Guidelines for the Retail Sector on Price Promotions
Free offers and similar promotions
The unqualified use of the word "free" in an offer or promotion means that a consumer cannot be expected to incur a charge of any kind other than what is set out below.
The Consumer Protection Act prohibits representations that describes a product as "free" "without charge" or any similar type description, if a consumer has to incur any financial cost "other than the necessary and reasonable cost of (i) responding to the representation, and (ii) collecting the product or having it delivered".
Traders should make it clear to consumers, at the time the offer for sale is made, exactly what they will have to do to get the "free" or "reduced price" offer. For example, if any type of direct payment is required such as postal or delivery charges, or if a number of tokens need to be collected, these conditions should be made clear.
Traders should not claim that an offer is "free" if they try to offset the cost of the free offer by:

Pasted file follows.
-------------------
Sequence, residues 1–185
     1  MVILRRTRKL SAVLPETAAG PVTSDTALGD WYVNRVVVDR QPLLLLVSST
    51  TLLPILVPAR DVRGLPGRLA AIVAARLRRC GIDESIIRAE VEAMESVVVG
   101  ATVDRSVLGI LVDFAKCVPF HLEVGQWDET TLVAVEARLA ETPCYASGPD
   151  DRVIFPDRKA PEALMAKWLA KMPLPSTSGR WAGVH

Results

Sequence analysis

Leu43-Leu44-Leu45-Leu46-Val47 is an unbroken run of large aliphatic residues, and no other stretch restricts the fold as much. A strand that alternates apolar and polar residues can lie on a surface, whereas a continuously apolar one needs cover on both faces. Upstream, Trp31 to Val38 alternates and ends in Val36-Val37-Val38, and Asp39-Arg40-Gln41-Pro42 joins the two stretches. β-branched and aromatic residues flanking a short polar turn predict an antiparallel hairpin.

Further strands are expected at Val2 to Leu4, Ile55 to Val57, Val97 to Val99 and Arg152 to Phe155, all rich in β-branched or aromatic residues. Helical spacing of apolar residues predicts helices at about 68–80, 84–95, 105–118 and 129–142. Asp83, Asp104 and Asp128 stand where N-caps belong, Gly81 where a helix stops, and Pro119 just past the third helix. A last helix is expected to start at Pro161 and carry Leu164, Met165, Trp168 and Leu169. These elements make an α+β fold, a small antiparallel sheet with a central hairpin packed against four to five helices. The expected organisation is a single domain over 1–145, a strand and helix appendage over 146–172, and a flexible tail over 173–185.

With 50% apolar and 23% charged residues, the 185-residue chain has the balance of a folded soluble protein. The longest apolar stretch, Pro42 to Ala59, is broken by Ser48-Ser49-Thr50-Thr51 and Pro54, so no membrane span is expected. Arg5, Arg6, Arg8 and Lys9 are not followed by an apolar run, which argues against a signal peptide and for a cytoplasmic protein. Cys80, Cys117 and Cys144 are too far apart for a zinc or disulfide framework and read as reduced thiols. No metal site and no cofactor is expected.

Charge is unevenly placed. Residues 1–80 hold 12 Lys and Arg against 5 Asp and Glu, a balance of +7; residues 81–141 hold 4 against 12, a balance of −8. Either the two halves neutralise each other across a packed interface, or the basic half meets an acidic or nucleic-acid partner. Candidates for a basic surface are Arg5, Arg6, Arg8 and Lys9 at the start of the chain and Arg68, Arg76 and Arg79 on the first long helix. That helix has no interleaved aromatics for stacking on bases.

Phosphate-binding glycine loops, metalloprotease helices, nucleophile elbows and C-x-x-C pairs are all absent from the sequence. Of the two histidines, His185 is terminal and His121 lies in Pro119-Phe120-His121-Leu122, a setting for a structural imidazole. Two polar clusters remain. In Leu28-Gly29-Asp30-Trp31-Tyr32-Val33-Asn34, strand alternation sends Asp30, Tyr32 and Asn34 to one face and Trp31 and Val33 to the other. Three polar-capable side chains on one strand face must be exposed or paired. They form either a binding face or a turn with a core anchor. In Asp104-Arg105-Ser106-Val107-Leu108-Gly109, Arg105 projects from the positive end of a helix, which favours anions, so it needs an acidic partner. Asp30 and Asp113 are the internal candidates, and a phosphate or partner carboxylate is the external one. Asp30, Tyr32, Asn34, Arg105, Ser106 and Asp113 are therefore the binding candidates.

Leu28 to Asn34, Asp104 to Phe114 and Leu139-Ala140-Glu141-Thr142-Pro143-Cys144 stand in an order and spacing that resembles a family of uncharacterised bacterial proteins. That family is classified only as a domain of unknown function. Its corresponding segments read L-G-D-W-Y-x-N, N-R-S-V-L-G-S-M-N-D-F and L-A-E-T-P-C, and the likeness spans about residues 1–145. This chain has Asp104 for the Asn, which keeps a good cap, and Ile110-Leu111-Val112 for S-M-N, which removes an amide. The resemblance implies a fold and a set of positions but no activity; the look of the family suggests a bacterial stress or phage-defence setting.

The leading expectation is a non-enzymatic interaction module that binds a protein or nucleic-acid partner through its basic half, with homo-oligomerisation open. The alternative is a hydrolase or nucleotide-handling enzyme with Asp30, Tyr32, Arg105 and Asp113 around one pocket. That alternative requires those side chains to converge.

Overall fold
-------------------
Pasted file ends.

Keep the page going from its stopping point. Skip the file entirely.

- Imposing additional charges that would not normally apply; or
- Inflating the price of the product or the cost to the consumer of any incidental charges, for example, charging more than the actual cost of postage or using a premium telephone charge.
Example of unacceptable "free offer"
A newspaper / magazine advertises on the front cover "free DVD". However, when the consumer buys the publication s/he finds out that it would be necessary to collect a number of tokens to claim the DVD. In effect this means that the consumer would have to incur the cost of purchasing a number of publications to claim the "free offer".
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